Now that the DPRK, a former signatory to the Treaty on the Non-Proliferation of Nuclear Weapons (NPT) which later withdrew has agreed to a full de-nuclearisation process, it is time to focus on other nations that possess nuclear weapons that have yet to sign the NPT.
Of all the world’s nuclear powers only “Israel”, India and Pakistan have refused to sign the NPT and of these three only “Israel” refuses to officially declare its nuclear capability even though unofficially, officials of the Tel Aviv regime have boasted of their illegal nuclear arsenal. While India and Pakistan only became nuclear capable in the late 1990s, Tel Aviv’s first successful nuclear tests came in the early 1960s and were privately a bone of contention between US President John F. Kennedy and the Tel Aviv regime. Even more worryingly, Tel Aviv maintains a plan to launch a large scale nuclear war on its neighbours and the wider region should it fear that it is on the verge of losing a traditional conflict. The award winning journalist Seymour Hersh first revealed the existence of the Samson Option – a classified “Israeli” military doctrine advocating for the use of nuclear weapons on a wide scale should the regime feel sufficiently threatened. As the regime recently stated that it feels threatened by the kites and balloons being flown by Palestinians to attempt and disrupt airstrikes on Gaza, it is clear that Tel Aviv has a very low threshold for what it considers “threatening”. Against this background, the existence of the Samson Option should be incredibly worrying to the so-called international community.
Not only has “Israel” had its illegal stockpile of nuclear weapons for longer than India or Pakistan, but “Israel” has been at war with and has occupied more countries over the last 50 years than either south Asian nuclear power. Since its inception, the Tel Aviv regime has been at war with Palestine, Lebanon, Iraq, Egypt, Jordan and Syria. It has occupied Palestine since 1947 and part of Syria since 1967.
The regime also occupied part of Egypt between 1967 and 1982. 1982 was also when “Israel’s” full scale occupation of southern Lebanon began while hostile regime forces only vacated in 2006, subsequent to a partial withdrawal in the year 2000. The regime had also occupied parts of Lebanon as early as 1978 while in 1981 the “Israeli” air force launched an illegal aerial assault on Iraq. While continually occupying Syria, recent years have seen ever more unprovoked “Israel” bombardments of south-western Syria which have increased in terms of their frequency and intensity in recent months.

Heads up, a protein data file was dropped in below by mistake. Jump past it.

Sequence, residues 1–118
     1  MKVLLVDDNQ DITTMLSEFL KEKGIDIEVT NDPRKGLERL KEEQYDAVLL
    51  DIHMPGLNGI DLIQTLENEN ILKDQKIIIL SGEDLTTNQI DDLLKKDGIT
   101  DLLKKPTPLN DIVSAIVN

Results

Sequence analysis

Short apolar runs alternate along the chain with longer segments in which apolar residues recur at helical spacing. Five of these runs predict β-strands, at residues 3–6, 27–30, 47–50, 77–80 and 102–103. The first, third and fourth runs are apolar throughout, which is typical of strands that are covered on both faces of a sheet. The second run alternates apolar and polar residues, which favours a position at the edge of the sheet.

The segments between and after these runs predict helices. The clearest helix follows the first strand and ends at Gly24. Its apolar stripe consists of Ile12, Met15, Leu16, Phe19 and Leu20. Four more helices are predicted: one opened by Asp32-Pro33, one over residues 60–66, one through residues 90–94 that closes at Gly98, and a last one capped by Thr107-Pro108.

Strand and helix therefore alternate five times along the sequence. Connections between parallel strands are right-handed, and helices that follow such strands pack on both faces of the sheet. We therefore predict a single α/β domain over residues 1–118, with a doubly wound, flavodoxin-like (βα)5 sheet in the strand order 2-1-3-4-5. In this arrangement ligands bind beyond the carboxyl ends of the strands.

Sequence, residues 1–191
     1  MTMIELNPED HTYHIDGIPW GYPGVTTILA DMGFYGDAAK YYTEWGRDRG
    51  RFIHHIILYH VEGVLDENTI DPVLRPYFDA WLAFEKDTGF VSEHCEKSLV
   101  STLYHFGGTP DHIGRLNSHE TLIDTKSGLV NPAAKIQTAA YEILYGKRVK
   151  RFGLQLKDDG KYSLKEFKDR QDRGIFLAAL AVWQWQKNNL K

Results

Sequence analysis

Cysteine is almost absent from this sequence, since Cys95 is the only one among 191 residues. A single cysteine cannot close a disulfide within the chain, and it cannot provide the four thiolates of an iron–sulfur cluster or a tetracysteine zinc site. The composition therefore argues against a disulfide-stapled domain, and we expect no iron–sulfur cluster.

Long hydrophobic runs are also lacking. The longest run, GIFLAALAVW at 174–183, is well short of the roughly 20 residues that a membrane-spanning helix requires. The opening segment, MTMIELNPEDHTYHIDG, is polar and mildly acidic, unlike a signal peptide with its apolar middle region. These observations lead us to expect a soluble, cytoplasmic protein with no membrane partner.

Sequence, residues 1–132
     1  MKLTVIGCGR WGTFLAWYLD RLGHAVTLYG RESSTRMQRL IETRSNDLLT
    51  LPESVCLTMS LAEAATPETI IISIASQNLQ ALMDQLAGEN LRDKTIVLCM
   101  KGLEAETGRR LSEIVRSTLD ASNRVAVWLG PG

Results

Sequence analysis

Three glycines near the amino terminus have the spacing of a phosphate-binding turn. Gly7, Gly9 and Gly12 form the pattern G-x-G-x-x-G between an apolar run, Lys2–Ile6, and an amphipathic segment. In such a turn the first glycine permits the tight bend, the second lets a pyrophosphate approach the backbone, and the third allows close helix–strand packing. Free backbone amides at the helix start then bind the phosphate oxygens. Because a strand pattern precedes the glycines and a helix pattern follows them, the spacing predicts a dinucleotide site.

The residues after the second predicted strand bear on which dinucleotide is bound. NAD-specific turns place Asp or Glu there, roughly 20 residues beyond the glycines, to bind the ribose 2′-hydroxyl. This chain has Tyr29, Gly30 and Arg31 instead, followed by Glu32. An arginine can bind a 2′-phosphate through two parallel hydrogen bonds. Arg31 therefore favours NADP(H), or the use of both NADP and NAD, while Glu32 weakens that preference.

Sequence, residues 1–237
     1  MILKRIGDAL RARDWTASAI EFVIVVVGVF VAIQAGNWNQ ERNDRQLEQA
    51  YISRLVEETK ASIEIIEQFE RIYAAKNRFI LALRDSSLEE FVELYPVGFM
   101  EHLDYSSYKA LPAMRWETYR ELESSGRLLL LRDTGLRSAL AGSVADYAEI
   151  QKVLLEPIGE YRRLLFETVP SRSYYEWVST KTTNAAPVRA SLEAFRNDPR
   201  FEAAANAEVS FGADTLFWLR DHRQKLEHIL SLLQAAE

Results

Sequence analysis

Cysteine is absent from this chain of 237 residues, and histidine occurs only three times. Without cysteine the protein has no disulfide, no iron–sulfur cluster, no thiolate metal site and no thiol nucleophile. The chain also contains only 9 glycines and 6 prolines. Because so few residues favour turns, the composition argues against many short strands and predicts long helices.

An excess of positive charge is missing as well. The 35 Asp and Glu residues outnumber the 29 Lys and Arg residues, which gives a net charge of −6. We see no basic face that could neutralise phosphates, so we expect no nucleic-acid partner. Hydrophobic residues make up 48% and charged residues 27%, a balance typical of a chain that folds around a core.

While India and Pakistan have had a hostile relationship ever since both nations became independent of UK imperial rule, they have nevertheless engaged in fewer conflicts than those inaugurated by “Israel” and this fact in and of itself is quite remarkable. Furthermore, in spite of an alliance dating back many decades, “Israel” has also engaged in hostilities with the United States.
In 1967, the American Naval Ship USS Liberty came under a sustained attack from the “Israeli” air-force and torpedo boats without any warning or justification. In spite of Liberty’s commanders sending communications informing “Israel” that they were an “allied” US ship, the attack persisted for hours. Archival material has revealed that some of the pilots were aware that the ship was American, but that they were ordered by their superiors to keep attacking. Ultimately, 34 Americans died in the attack while 171 were severely wounded. The incident was systematically hushed up by the US government and media. Many researchers suspect that “Israel” had attempted to stage a false flag incident that would later be blamed on Egypt, in order to coerce the US into attacking Egypt and its Soviet ally. Because “Israel” was not able to kill all the men on board, the plan failed as the survivors knew full well that it was “Israel” and not Egypt or any other Soviet ally that had attacked their ship.
While the ultimately non-lethal incident of the American Navy ship USS Pueblo being captured by the DPRK in 1968 received a great deal of attention in the US media, the USS Liberty incident from the previous year was quickly hushed up. Later, many scholars and journalists accused the then US President Lyndon B. Johnson of covering up “Israel’s” wanton aggression upon a US flagged ship.
With Donald Trump publicly declaring that the DPRK no longer poses a threat to the United States, it remains clear that the undeniably aggressive “Israeli” should be the next nation to de-nuclearise for the benefit of wider global peace. While nuclear weapons in south Asia are indeed a worrying prospect, no regime has been so wantonly aggressive, so frequently in violation of UN resolutions and so threatening to all of its neighbours than the “Israeli” regime has been since its dubious inception.
With the DPRK out of the equation, it now remains a matter of focusing on countries which continue to stockpile nuclear weapons without signing the NPT. Of all these such nations, “Israel” is by far the most dangerous and should be the next to be pressured by the wider world to give up its nuclear weapons.
Unfortunately, the close and frequently sycophantic US relationship with Tel Aviv means that this might not happen until it is too late. Such a worrying prospect ought to galvanise a wider support throughout the world for such a peaceful de-nuclearisation process to begin at once.